Host: I also asked Dr. Sean Lin these questions. He is a microbiologist trained in both China and America. And he is the former lab director of the viral disease branch of the Walter Reed Army Institute of Research.
Ms. Gao: I spoke with Dr. Eric Feigl Ding about the impact of China’s early coverup. His opinion is that although China had some earlier missteps, they didn’t report the epidemic earlier enough, but the U.S. has also handled the epidemic poorly. An example is South Korea had its first case the same days as the U.S.. but because they did a lot of testing so they ended up in the much better position than the U.S.. What is your opinion?
Dr. Sean Lin: So actually I don’t think it’s totally fair to compare the situation in South Korea with that of the United States. South Korea did pretty well in the contact tracing, doing large quantities of tests for infections. But we need to keep in mind that South Korea is a small country with about 50 million people. Basically they only need to deal with the tourists coming from China, the source of the infection. But the United States is different. For example, New York City has such a big airport with so many people from all over the world coming to the United States. Early cases in New York came from a group of tourists who went to Egypt and brought back the virus. So it’s very challenging for New York City. And people rely on the metro subway system heavily, so the virus can spread out quickly through these commute systems.
We also need to keep in mind that the United States was fortunate enough to ban travel from China in late January. But you cannot ban travel from all over the world. So the control over bringing the virus into the country is very challenging. And also, even though the CDC was not fortunate enough to provide testing kits in February, later on commercial companies engaged in the United States were able to crank up the production, and now the U.S. can test millions of cases every week. The quantity of testing is unbelievably big in the United States now. So, I don’t think it’s really fair to say the U.S. did a poor job in disease control.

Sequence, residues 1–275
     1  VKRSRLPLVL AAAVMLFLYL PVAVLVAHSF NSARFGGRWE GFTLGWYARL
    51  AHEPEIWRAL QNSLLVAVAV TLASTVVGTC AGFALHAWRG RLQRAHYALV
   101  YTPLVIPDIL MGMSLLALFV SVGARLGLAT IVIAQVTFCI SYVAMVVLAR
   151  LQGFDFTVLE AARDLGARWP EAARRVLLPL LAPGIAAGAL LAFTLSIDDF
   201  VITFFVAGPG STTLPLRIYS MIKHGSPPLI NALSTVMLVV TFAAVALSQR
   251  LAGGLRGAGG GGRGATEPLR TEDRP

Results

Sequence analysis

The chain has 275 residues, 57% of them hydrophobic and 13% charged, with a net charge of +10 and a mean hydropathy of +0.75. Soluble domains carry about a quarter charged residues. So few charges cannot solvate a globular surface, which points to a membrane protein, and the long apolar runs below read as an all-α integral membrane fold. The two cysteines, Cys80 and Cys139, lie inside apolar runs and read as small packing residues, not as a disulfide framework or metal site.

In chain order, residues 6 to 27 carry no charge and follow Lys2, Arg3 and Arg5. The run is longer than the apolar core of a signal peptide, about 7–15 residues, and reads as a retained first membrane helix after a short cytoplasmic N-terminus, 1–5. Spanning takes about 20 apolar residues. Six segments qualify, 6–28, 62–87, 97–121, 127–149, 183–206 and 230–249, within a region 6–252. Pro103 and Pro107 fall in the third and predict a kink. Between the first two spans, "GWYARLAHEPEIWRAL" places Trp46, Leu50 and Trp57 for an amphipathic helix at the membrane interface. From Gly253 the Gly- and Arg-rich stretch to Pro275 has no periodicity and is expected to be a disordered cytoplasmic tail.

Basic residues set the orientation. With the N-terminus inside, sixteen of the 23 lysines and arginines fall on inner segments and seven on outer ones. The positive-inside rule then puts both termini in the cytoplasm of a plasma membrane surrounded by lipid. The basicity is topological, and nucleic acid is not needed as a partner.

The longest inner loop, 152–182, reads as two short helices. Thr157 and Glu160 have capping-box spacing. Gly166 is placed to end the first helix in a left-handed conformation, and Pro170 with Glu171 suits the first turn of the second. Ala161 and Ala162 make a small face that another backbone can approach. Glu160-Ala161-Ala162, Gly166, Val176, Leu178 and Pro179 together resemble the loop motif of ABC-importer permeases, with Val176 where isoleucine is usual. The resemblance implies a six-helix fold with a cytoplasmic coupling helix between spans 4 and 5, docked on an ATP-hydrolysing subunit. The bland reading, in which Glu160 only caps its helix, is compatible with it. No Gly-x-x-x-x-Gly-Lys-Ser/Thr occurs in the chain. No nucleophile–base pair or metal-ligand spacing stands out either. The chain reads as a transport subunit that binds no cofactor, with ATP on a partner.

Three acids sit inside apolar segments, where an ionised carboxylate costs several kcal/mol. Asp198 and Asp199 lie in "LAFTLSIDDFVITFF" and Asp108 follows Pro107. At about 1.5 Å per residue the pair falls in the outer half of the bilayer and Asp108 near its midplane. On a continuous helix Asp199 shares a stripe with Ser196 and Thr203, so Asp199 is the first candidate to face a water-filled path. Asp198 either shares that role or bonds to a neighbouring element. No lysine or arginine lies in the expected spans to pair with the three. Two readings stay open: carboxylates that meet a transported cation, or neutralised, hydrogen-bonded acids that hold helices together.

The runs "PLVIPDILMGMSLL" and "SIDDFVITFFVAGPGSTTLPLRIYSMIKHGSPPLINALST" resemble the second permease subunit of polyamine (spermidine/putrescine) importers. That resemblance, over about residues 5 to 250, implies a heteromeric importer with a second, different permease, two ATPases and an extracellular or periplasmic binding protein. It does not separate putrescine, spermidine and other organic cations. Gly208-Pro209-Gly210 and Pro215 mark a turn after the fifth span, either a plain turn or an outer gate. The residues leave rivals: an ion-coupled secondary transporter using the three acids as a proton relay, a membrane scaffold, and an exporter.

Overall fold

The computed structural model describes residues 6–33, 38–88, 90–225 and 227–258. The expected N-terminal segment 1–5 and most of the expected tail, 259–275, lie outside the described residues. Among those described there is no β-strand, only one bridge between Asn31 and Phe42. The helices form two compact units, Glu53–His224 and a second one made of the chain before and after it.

Ms. Gao: So what do you think is the impact of China’s coverup and false numbers to the world?
Dr. Lin: So the CCP’s coverup during this pandemic has multiple stages. The first stage is from December to January 23, before the Chinese government shut down the whole Wuhan city. During this stage, the CCP censored the alerts from the medical first responders and closed online forums that talked about the outbreak. They even ordered the commercial companies to stop genome sequencing for those patients’ samples. At the same time, they provided misleading information to the world. Basically, under this coverup, so many people in Wuhan got infected and they spread the virus nationwide, and so many tourists and Chinese people also toured to other countries. So the virus got spread globally. As a result, the whole world missed a very precious time to have early precautions and measures enacted early enough to prevent an outbreak in their own countries. The second stage is from late January to mid-March. The Chinese government set up very strict reporting criteria for confirmed cases, so there are much lower confirmed cases. At the same time, because of the draconian measures to lock people down at home, they missed so many testing opportunities for those who got infected but could not go to the hospitals, [not to mention that] people who died at home would not be counted as official data for the death toll. So basically the government manipulated or, you may say, fabricated the data for the death toll of the confirmed cases. The whole world got a wrong image about this outbreak. The CCP downplayed a very severe outbreak that could be like the Spanish Flu, and they downgraded it to something like the 2009 H1N1 pandemic outbreak. The severity is totally different. So when you put in this wrong data in the disease model, you get the wrong result of the mortality rate. The attack rate will be wrong, and the transmission rate will be wrong too. In this way, the whole world got the wrong idea that the disease would not be so severe [as] a huge pandemic. So by fabricating this data, the Chinese government made the whole world pay a huge price for this coverup. The third stage is all the way up to the end of March, where the Chinese government presented a false image to the Chinese people and the rest of the world, saying that they now have a triumph against the virus, against the outbreak. But the reality is that they are actually incubating a huge second wave. The Chinese government didn’t want to do large scale testing for one reason – they know they have very pathetic inaccuracy for the testing kits. At the same time, not testing so many people served their political purpose. The CCP just doesn’t want to show people that there are so many infections still ongoing inside China. When the CCP lied, so many people died.